Your wind power, for instance, is a rapid mid-air dash that will effectively teleport you from one place to another almost immediately. And the water power turns flowing water solid for a few seconds, letting you use it as a surface to run across or jump off of. Can't figure out a way forward? Why not turn that waterfall into a--wait for it--water wall! Ha! Uh, anyway, I saw another section where the water power turned horizontal jets of water shooting out of a fountain into solid poles that the prince could swing across to reach the far side of a chasm. The places that you'll need to use water as a climbing surface looked pretty self-evident, but the effect looked good in its own right.
It will also add some excitement to the basic platforming and jumping, from the looks of things. Forgotten Sands seems to be emphasizing especially precise control of the prince and strict timing in your jumps and rolls, almost as if in response to the lax demands of the last Prince of Persia game. The demo I got to watch included numerous sequences where the player had to use multiple powers in conjunction, such as running up a solid waterfall, jumping off of it, then disengaging the water power immediately in mid-air to liquify another waterfall, allowing you to pass through it. Failure to combine the right powers and jumps in the right order and with sufficient speed will surely contribute to a premature demise here.
The combat in the admittedly early build of Forgotten Sands I got to see looked a bit less polished than the acrobatics and elemental powers. Similar to Sands of Time, the fighting here will focus on large numbers of enemies--up to 50, Ubi says--and give you moves that let you manage them effectively by crowd-surfing over them, leaping from one to another, or knocking down large crowds of enemies at once. But unlike the precision melee strikes in Batman: Arkham Asylum--my personal gold standard for excellent third-person melee combat--the fighting here seemed a little more button-mashy, with broad swings of the sword hitting multiple enemies at once. You'll also be able to unlock new elemental powers from a skill tree as you progress through the story and earn experience, but none of these powers will be integral to the puzzle-solving and will primarily tie into spicing up the combat.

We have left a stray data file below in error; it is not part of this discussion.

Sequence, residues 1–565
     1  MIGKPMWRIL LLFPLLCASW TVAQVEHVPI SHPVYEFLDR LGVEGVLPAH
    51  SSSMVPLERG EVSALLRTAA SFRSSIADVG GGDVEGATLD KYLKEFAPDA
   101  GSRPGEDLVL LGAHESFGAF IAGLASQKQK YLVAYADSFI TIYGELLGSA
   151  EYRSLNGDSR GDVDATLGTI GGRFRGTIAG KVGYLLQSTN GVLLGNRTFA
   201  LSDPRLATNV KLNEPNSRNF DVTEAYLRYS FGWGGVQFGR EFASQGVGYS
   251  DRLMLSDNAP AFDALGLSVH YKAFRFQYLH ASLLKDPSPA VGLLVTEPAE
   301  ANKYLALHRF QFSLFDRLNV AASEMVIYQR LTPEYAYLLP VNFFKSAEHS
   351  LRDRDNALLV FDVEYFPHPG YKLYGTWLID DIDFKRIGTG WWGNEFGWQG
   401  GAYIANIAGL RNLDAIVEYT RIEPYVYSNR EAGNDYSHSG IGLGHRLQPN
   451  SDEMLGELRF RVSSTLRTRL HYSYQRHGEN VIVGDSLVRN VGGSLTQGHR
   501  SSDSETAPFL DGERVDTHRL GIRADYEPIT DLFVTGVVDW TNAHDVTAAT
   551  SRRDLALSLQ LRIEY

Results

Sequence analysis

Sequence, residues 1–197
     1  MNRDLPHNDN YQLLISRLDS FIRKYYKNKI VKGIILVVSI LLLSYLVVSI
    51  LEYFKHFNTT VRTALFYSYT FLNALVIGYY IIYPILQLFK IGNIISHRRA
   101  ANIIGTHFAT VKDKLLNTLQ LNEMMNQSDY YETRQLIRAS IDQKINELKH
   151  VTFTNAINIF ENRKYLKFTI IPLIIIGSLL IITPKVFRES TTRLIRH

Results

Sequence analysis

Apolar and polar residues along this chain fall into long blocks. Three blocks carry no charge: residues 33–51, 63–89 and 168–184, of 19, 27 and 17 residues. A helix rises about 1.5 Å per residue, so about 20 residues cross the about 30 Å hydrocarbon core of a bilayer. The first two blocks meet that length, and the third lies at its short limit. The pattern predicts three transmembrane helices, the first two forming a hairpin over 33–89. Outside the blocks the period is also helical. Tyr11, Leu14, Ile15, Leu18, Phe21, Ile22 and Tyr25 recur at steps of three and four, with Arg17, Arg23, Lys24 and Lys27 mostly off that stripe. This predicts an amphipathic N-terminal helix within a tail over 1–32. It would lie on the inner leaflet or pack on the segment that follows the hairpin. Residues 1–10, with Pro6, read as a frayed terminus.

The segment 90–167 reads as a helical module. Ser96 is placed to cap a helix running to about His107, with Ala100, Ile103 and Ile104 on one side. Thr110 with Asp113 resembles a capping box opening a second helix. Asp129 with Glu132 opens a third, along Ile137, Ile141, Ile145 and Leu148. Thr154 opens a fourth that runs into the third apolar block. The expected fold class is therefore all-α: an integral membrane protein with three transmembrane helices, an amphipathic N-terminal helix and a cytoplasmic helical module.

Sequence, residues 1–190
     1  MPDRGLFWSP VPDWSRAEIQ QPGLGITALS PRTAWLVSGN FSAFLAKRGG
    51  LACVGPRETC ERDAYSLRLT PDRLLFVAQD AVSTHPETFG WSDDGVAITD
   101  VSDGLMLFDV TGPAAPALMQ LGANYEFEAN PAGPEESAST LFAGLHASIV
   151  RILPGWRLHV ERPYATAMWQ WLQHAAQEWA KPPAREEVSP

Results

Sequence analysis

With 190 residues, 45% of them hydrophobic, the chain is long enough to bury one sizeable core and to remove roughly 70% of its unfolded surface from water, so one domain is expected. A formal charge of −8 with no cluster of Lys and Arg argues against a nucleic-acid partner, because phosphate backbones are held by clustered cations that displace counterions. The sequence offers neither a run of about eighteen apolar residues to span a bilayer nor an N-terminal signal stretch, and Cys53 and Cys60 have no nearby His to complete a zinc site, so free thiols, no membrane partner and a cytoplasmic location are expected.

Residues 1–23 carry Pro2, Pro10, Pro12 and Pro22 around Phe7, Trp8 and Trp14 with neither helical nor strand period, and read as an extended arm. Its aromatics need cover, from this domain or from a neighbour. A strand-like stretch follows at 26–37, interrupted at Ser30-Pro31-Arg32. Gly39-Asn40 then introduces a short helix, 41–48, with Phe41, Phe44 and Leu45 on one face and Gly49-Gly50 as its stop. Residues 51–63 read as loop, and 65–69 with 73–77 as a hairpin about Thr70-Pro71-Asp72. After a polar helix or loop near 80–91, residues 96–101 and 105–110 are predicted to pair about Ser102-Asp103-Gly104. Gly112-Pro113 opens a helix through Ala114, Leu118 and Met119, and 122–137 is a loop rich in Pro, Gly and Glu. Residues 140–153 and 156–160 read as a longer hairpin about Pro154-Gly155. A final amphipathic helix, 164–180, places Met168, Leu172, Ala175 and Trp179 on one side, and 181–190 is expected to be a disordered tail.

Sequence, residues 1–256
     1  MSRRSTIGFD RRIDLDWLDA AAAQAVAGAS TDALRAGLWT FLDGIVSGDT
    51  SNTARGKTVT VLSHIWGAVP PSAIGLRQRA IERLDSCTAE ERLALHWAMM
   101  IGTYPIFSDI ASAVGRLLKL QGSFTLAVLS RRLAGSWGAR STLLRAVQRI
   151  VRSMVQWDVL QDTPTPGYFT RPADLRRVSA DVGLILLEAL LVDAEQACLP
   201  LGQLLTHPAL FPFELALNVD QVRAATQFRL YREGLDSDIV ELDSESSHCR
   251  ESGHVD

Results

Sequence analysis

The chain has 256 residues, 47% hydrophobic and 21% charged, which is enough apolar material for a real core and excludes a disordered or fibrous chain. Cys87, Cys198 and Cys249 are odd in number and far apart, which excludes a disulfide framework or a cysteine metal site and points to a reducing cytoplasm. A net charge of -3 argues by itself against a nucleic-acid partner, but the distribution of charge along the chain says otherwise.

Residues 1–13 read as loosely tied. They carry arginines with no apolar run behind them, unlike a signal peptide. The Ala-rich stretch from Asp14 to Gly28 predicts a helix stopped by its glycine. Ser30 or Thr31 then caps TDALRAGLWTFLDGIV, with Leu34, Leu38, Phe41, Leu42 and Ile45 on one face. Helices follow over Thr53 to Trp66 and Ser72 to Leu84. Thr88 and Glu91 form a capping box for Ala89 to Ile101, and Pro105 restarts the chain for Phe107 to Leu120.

The Forgotten Sands really seems like an acknowledgement on Ubisoft's part of the ongoing, widespread adoration for The Sands of Time. The 20 or so minutes of the game I saw gave the distinct impression that the designers are trying to reprise and improve on the aspects of that game that fans loved so much, while downplaying some of the questionable decisions in tone and gameplay mechanics that were made in Sands of Time's direct sequels and the 2008 offshoot. I'd like to see more of this one before I make any blanket recommendations, but then, it probably also says something about the game's potential that I would in fact like to see more of it. For now, let's say that Prince of Persia fans already caught in a sandstorm of excitement for the movie's release in May should probably also keep an eye on The Forgotten Sands as the summer release dates for both approaches.